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Date: Fri, 4 Apr 2014 22:58:12 +0200
From: Krisztián Pintér <pinterkr@...il.com>
To: discussions@...sword-hashing.net
Subject: Re: [PHC] Gambit review

Bill Cox (at Friday, April 4, 2014, 10:37:43 PM):

> No problem.  I'm enjoying reading everyone's code.  Sorry about being
> a jerk sometimes.

i'm getting over it one day.

> Did you use bit reversal before reading Catena?

i never published, so it does not count. i accidentally discovered the
good mixing property of bit reversal as a child, when i was looking
for an algorithm to calculate points of the mandelbrot set in an order
that gives me an overlook of the scene as soon as possible.

> If you
> like, I could add your memory pattern to my pebbling algorithm to see
> how it does.

that would certainly be very useful, as it might discover some
weakness. alas, it can not provide a proof for real life sizes. i
tried to come up with proof, but i'm no math person.

>   I am still trying to figure out what the impact is of
> XORing over memory rather than overwriting it.

that one i can answer. if you overwrite, the slot becomes unused for a
while. i mean, once it has been read, and until it gets a new value,
it just sits there unused. at any point in time, a certain fraction of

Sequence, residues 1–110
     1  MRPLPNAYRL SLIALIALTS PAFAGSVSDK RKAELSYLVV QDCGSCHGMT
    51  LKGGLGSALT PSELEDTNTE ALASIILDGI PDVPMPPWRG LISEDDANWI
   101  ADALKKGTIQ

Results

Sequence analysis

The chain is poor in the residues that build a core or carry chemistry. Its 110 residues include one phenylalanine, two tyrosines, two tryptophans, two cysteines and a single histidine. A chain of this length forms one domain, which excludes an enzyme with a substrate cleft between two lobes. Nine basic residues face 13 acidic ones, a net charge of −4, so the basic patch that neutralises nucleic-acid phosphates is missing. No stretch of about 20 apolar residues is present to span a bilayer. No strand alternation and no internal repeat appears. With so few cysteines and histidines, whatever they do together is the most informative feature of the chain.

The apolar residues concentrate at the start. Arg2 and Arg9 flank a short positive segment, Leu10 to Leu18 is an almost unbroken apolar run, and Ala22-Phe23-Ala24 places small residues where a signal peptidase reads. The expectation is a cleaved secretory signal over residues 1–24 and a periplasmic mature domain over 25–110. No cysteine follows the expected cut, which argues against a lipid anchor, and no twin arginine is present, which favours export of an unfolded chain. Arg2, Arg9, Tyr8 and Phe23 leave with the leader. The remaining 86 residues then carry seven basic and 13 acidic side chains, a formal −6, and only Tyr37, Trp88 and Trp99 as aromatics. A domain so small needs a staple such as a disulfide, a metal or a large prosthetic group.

the memory (and a quite huge fraction) is in this idle state. if you
cleverly reuse memory slots, you can run the algorithm with smaller
memory footprint. i prevent this by never discarding any value.

xoring could be omitted while absorbing (overwrite mode), but that
does not seem to gain much.

> I still think there is maybe a 100X to 1000X potential cache access
> speedup in an ASIC for predictable addressing,

predictable addressing is something i'm not willing to give up. it is
in my view an absolute necessity. i'd rather present a weaker
algorithm than one that can be cracked wide open using side channel
attacks.

> Now that I've seen a couple entries that use the new AESENC

as soon az keccak-ni arrives in 2019 processors, you will be a fan of
gambit instead.

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